09 Jul, 2018

Open access database to raise education research visibility

Blog by Gilbert Nakweya


A first-of-its-kind open access database has been launched to raise the visibility of African education research, consolidate the evidence base for policy and practice, and inform future research priorities and partnerships.

Launched on 15 June, the database is an initiative of Education Sub-Saharan Africa (ESSA) in collaboration with the United Kingdom’s Research for Equitable Access and Learning (REAL) Centre at the University of Cambridge.

Known as the African Education Research Database (AERD), the online education database currently curates a collection of over 2,000 studies from 49 countries in Sub-Saharan Africa, which is the first of its kind open access database of education research by researchers based in Sub-Saharan Africa.

According to a report from ESSA, the database pools research undertaken over the past decade and includes social science research, with implications for educational policy and practice.

The database contains a collection of peer-reviewed articles, chapters, PhD theses and working papers identified through structured searches of academic and grey literature databases, expert consultation, and pearl-growing techniques, a search and retrieval method used by librarians.

A research report authored by Professor Pauline Rose and Dr Rafael Mitchell from the REAL Centre identified several education disparities that hinder sustainable development in Sub-Saharan Africa, prompting the development of the database.

These disparities include gaps in learning between rich and poor, and limited learning in the early grades which influences access to higher levels of education, especially to universities, thereby creating an intergenerational cycle of disadvantage.

Additionally, the authors found that access and learning outcomes vary widely within and between countries, suggesting that good practice is not being identified or shared, and that there is ineffective and inadequate use of research to inform policy.

Research included in the database shows that annual research outputs from Sub-Saharan African institutions have steadily increased over the past 20 years. With South Africa leading, the top 10 countries with most research output in the database include Nigeria, Mozambique, Kenya, Ghana, Uganda, Tanzania, Botswana, Ethiopia, Zimbabwe and Angola.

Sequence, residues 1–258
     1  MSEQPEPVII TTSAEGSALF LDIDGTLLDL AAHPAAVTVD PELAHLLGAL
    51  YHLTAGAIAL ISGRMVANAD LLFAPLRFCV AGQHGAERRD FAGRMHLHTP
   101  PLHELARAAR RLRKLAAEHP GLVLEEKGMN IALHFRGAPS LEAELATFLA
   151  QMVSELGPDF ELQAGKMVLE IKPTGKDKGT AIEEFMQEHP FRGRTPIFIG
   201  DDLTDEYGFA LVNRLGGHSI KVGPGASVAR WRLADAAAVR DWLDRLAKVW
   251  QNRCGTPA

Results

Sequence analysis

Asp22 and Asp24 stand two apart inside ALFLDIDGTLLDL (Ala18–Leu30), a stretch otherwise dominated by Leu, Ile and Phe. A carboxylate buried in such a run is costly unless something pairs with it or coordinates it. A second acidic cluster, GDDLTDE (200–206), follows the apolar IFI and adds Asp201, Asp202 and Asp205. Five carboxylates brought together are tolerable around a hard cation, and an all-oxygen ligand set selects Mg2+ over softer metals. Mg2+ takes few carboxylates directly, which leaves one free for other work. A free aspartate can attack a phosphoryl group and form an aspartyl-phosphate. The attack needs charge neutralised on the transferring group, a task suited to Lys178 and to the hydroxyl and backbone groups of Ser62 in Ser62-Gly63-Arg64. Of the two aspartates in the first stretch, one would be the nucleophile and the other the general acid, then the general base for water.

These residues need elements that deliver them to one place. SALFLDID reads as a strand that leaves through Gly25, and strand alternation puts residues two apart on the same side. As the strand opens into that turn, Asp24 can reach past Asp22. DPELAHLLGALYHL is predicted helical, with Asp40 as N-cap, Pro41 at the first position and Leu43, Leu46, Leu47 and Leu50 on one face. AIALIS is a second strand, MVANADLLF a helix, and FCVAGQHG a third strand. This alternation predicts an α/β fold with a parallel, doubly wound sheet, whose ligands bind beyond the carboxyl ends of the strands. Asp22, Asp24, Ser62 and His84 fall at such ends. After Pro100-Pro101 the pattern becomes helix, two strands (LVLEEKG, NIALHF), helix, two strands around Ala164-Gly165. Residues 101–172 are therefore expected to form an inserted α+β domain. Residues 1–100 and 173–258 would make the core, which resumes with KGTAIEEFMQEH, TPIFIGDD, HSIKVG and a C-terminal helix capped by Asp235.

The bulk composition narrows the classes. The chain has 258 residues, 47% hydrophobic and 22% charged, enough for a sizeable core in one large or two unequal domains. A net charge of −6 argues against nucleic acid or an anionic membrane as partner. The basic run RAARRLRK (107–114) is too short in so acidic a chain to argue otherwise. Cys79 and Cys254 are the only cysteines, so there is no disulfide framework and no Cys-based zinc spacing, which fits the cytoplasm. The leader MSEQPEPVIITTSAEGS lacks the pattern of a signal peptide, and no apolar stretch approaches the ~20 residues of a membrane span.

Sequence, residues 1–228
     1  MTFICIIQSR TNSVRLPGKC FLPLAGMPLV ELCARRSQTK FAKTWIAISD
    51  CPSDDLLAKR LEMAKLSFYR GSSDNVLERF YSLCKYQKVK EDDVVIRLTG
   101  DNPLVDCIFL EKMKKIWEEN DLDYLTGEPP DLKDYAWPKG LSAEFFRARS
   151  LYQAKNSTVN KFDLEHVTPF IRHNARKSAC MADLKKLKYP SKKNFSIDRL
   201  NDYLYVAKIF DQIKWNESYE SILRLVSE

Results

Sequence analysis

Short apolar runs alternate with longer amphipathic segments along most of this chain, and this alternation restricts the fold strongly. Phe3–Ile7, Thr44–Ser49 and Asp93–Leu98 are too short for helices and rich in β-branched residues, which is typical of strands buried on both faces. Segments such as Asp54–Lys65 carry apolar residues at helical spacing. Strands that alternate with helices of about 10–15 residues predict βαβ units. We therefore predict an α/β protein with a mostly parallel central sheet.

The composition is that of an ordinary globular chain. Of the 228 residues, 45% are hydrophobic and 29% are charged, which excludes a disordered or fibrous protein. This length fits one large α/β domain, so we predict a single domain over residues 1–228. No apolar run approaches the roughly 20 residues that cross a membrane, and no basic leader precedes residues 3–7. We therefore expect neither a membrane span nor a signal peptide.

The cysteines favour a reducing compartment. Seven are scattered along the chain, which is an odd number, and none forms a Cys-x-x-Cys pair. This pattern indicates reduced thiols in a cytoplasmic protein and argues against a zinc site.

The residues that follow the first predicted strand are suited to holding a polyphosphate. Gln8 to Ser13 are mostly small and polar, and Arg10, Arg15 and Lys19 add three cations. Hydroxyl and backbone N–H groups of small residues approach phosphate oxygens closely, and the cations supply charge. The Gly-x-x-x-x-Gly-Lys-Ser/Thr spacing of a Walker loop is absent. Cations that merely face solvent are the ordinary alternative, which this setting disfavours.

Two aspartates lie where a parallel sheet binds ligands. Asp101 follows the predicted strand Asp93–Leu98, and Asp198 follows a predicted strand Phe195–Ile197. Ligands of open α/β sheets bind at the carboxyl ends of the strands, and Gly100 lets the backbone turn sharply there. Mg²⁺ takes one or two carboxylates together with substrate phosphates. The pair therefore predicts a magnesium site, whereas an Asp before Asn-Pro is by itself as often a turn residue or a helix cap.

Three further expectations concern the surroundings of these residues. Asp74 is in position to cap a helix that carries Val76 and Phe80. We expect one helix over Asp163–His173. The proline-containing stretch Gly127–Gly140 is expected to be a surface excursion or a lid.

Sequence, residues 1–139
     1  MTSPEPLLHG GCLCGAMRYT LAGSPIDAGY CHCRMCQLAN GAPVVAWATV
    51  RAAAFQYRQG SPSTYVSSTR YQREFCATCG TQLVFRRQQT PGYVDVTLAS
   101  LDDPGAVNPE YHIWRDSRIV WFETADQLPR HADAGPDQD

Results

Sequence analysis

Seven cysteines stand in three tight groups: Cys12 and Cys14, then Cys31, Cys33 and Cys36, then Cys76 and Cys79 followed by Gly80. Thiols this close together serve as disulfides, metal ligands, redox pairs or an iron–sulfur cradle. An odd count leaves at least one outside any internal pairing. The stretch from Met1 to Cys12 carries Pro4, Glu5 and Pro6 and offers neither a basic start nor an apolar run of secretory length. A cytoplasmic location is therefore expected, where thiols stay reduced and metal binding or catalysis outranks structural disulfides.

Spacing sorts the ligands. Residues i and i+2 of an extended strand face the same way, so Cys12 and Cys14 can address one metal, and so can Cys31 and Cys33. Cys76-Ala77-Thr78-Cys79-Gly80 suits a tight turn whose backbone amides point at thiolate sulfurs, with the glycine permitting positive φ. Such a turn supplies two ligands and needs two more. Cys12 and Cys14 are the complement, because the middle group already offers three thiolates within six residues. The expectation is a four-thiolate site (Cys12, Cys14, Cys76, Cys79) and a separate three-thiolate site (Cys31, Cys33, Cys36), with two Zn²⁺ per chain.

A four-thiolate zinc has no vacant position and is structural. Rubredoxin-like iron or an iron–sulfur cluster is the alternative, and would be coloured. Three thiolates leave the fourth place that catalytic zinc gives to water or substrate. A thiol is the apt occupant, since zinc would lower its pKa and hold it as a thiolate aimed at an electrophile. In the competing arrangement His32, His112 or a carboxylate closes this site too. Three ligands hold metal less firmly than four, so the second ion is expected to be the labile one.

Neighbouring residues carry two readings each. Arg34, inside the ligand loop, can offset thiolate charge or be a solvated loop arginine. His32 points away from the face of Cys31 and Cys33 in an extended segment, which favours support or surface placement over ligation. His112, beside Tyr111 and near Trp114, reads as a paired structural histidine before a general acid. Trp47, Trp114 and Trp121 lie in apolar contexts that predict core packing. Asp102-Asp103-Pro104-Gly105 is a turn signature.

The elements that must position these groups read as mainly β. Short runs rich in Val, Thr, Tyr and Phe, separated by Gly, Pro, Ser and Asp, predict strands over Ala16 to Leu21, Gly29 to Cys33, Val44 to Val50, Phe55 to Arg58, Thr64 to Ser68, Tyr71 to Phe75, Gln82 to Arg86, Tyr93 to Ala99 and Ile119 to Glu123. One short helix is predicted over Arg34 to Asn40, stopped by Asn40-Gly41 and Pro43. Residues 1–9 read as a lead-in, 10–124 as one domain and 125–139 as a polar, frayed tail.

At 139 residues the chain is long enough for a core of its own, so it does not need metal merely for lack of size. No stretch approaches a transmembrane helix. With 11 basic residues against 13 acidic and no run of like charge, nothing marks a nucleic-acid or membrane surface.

A statement to University World News from the REAL Centre, said that preliminary analysis indicates that a large amount of research is on higher education (around 30% of the publications) yet, in sub-Saharan Africa, fewer than 1% of the poorest actually access higher education institutions.

On the other hand, only around 3% of research is on early childhood education. “This suggests that limited evidence is available that can inform policymakers on how to address disadvantage in education from the early years,” explains the report.

“The database is important for raising the visibility of research written by African-based researchers. There is a lot of important work by researchers in the region which is currently overlooked and undervalued,” said Mitchell.

Mitchell said the database will facilitate greater use of research – through citations and use in policy and practice – produced in African universities. It should also help to ensure that research by African researchers is more visible in global debates, he said.

According to ESSA, the database also plays an important role in the context of the global priorities and targets expressed in the United Nations Agenda 2030 on Sustainable Development Goal (SDG) Four that aims to ensure inclusive and quality education for all and the African Union’s Agenda 2063 and continental education strategy for Africa.

Rose said that African-based researchers are undertaking research on a range of topics of relevance to their own countries’ policy and practice, which could inform progress towards the SDGs.

However, she noted that this research is often not given the attention it deserves.

“Hopefully the database will make it more easily accessible, and change this,” Rose told University World News.

First stop for education researchers
“We hope the database will be the first destination for anyone planning to conduct research in education in Sub-Saharan Africa. Reviewing the existing knowledge base is a necessary first step to find out what has been conducted already,” said the REAL Centre’s Samuel Asare.

Asare and Mitchell said the current practice of conducting costly, resource-intensive research which was then not easily accessible or visible could be a threat to the sustainability of the database.

However, ESSA director, Olaf Hahn, said the cooperative approach of the REAL Centre and ESSA would help to address this concern. It was envisaged that the initiative would partner with institutions in Africa around issues of funding, publishing and mechanisms for submission of research.

First published in University News World.


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